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\pie Boys Who Get i
Can Guy IN
, to to when old Sherman
m"\" said Brown, "andi as little
ejected it as I do of having to go at
'?ad to go? *ald I, in a manner
draw him out, for talks on the war
? ,or in order and about all that
u ffiH listen to.
Vye3 bad to go," said he, with
0Bethiog of a sneer ia his tone.
". jja(j to jioe under the last con
tact, whieb toole us from sixteen
Uty. I Dave never 8een what
0 A tuere was in taking snob old
M9 but they did; and I was a most
Dwiiliog victim. They mixed me up
,itb tko fellows who had been there
?1 the way through and to say that
jese fellows presumed on their length
f eervice is putting it mild. They
iere entirely too funny to suit me.
hey seemed to derive the greatest
leisure in laughing at me at times
hen nothing but the severest seri
oeness perched upon my fevered
r0ff. 1 am satisfied that one fellow
iey put me in a pit with tried to get
K killed just that he might laugh at
l7 kicks as I expired. Every time I
01 laid down good he found some
-ouse to make me jet up and let
?.en2 pop nt me agafu, and then ho
ould laugh at every fool thing and
ie nearer they came to killing mo
ie louder he would laugh. One
me when 1 raised my head a little
JO high a yankee ball went sip
irough the crown of my hat. The
jol took it as great fun and rolled
Dd roared in greatest glee. I never
et have been able to see anything
iDoy about war."
Brown's right; the old soldiers did
eat raw recruits with to much hilar*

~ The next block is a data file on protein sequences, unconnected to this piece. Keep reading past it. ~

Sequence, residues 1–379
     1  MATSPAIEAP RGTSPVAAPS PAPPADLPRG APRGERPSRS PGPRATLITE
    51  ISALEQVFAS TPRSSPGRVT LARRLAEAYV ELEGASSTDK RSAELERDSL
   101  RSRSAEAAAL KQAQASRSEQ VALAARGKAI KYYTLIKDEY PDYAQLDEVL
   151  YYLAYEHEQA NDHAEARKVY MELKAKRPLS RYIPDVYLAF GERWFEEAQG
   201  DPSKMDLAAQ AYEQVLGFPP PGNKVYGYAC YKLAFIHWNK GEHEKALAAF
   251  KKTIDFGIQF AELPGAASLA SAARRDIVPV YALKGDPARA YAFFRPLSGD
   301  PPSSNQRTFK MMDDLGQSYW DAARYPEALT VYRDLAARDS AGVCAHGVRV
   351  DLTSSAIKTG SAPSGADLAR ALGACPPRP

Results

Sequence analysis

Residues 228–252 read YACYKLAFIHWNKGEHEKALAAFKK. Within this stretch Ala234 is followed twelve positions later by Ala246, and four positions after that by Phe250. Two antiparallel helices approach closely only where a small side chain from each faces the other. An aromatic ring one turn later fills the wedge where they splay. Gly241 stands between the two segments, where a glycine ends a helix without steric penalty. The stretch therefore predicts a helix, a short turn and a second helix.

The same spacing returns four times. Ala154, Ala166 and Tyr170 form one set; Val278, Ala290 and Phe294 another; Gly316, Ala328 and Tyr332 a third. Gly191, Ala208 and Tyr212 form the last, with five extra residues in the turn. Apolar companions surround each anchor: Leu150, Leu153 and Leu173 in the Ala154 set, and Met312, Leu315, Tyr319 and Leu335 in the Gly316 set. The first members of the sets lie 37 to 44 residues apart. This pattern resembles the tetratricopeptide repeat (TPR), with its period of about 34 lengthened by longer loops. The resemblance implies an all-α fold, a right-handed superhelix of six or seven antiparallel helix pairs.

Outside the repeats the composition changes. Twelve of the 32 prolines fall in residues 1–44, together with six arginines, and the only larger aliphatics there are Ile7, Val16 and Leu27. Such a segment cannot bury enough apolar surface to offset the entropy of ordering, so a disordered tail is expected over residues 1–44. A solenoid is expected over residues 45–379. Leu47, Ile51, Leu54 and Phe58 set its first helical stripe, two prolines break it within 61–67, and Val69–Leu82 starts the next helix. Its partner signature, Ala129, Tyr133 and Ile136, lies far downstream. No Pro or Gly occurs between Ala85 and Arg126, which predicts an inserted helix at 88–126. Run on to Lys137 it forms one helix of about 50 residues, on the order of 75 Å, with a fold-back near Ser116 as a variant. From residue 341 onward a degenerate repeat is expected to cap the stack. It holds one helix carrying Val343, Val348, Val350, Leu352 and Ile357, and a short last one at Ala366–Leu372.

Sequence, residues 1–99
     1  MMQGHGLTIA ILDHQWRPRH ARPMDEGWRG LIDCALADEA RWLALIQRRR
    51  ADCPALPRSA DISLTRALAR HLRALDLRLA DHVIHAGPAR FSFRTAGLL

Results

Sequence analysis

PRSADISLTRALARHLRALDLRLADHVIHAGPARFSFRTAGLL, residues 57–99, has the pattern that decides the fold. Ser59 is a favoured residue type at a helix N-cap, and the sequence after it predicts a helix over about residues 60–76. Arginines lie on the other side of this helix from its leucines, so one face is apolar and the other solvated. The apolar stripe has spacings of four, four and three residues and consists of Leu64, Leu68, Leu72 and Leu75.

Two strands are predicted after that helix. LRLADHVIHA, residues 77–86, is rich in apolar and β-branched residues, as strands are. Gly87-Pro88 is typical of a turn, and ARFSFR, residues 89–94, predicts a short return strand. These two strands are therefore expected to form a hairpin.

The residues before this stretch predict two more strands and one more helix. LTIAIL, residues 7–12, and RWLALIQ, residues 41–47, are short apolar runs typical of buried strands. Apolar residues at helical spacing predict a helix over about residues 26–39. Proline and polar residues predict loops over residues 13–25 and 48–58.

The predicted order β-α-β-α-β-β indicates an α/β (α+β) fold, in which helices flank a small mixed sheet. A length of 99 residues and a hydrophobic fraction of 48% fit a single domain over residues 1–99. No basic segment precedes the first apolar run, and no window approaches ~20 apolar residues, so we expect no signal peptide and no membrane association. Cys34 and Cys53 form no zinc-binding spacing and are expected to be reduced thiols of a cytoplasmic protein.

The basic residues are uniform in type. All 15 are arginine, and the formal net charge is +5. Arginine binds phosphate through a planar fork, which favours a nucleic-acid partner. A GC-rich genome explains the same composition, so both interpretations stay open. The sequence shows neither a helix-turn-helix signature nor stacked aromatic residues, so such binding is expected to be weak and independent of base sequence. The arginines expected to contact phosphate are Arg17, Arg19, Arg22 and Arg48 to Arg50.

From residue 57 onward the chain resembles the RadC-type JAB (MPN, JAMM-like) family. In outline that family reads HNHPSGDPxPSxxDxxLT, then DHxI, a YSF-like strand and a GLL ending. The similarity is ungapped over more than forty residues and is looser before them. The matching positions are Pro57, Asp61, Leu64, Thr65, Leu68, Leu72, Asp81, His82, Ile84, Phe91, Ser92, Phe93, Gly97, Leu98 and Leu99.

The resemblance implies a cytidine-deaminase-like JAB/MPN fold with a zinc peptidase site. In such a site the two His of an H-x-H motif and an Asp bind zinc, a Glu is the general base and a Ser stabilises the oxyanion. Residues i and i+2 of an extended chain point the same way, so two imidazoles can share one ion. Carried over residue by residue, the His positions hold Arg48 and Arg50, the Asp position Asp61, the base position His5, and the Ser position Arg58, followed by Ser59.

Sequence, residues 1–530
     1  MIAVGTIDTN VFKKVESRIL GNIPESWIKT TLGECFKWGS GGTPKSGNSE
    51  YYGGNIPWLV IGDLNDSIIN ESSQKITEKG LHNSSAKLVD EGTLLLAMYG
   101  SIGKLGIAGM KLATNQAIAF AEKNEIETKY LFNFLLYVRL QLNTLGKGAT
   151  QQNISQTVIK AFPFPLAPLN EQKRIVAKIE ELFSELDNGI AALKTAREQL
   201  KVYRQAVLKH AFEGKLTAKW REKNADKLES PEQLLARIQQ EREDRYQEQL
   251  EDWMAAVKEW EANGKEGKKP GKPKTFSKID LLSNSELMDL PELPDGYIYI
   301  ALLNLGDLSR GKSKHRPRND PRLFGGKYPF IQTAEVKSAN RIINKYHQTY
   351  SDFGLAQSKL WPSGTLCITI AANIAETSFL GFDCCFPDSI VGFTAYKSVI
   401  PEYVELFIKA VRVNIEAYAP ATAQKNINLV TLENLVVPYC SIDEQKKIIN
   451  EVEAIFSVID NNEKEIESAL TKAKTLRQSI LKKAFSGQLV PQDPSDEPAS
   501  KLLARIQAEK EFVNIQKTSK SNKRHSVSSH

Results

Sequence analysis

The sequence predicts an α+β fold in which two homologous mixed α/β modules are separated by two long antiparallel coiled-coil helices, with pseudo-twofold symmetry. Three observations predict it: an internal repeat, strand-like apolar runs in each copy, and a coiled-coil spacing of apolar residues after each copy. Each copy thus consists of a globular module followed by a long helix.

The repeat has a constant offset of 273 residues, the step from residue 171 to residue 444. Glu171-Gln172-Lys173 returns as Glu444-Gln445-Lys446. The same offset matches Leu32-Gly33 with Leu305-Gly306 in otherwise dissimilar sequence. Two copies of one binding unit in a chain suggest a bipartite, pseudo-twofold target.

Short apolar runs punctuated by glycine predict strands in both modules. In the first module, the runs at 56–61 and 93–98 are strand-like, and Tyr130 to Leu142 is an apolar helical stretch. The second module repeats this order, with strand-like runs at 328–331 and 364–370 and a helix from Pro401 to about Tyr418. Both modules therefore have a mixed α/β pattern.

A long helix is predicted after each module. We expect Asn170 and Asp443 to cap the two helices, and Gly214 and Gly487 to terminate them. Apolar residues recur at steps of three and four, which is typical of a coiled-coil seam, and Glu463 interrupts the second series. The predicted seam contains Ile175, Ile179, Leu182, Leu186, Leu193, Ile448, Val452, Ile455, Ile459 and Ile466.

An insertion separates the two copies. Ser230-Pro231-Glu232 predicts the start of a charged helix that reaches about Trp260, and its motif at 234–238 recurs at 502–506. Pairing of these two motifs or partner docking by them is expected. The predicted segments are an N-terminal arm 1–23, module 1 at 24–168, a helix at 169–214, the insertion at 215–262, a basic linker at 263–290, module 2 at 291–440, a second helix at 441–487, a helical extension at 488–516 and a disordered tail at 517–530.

y, and especially did they take de
ckt in guying the "melish."
"Come out of that biled shirtl"
"Gome out of that hat-I know you
ie there for I see your legs!"
Such foolishness as this was sure to
reet the old melish whenever he hap
ped about them. But these screams
id cot disturb the ones taken in the
tu call, for the mose of them were
caf even to the cannon's roar, muoh
?is the voice of man. I knew one
jmpany of this old militia that was a
uQdred and five strong, and io all
?escl?? men there Were only 106
yes. Just one man of their number
id two good eyes, and the drill scr
eam had to go close up to eaeh one
ndscream: "Fall in" when he wanted
bm to forma line. "Fall in I fall
if and it took quite a while to get
bern in line, and then if you didn't
ima they would sit down and have to
ive help to get up if any speed was
squired in the matter. I laugh a
Ule myself) now, when I think of
!iat old Georgia melish and of Joe
town's pikes, and yet I know it
hould be no laughing matter, for it
epresented the great stress for Boi
lers and indicated the desperation of
he leaders to sustain the Confederate
anse. Joe Brown's pikes were good
or nothing but to show how little we
flew of what waT really was, and so
tis now. The young generation will
urn of things they never dreamed,
ad there can be no harm in telling of
biogs which may iq a degree prepare
bern for whatever may come as a
oosequeoce of war.
Just before old Sherman swung
mund to Jonesboro,- the people
eemed to know that there was trouble
brewing, and the big roads were Sl?
dwith refugees getting, out of tho
'?y. Kef ugeeing is a part of war and